* Despite strong public support for a minimum-wage increase, former Florida Gov. Jeb Bush (R) told a New Hampshire audience over the weekend that he does not support the popular idea.
* With just one day remaining until Israeli elections, Prime Minister Benjamin Netanyahu, fearing defeat, has begun lashing out at "a huge international effort," which he claims is "partnering up with leftist organizations here and also with media figures" to defeat him.
* New Jersey Gov. Chris Christie's (R) presidential ambitions have faltered of late, but he's nevertheless telling party insiders that he's ready to make "overhauling" Medicare and Social Security the centerpiece of his national campaign. Nothing helps a struggling candidate more than promising to cut popular social-insurance programs, right?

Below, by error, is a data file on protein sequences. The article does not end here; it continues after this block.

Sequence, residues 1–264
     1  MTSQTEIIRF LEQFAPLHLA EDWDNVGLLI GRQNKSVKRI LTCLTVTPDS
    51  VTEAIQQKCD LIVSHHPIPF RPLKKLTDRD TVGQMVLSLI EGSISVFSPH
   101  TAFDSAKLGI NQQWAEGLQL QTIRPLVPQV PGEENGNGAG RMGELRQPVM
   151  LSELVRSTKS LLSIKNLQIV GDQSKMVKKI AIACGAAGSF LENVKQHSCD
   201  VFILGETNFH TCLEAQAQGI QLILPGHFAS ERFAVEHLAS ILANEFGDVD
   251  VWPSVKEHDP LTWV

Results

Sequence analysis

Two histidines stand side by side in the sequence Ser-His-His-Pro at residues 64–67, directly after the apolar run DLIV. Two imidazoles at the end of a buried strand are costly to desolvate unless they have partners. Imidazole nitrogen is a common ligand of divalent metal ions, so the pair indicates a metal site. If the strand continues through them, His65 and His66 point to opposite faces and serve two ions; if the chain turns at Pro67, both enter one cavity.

* Wisconsin Gov. Scott Walker (R) is still quite cautious when taking jabs at Jeb Bush, but he's getting less subtle. He said late last week, "I just think voters are going to look at this and say, 'If we're running against Hillary Clinton, we'll need a name from the future -- not a name from the past -- to win.'"
* Apparently convinced there isn't enough money in political campaigns, Sen. Ted Cruz (R-Texas) intends to push eliminating caps on contributions altogether.
* Sen. Rand Paul (R-Ky.) briefly slipped over the weekend, referring to himself as a presidential "candidate" on Twitter. The tweet was soon after deleted -- Paul's campaign is still officially unannounced.
[Updated below] The AP started backing off the story the day after publishing its original report. Note the update at the bottom of this piece.
Wisconsin Gov. Scott Walker (R) recently insisted that Ronald Reagan firing air-traffic controllers in 1981 was "the most significant foreign policy decision of my lifetime." It was at that point that an important truth became clear: Walker's Reagan worship is just a little creepy.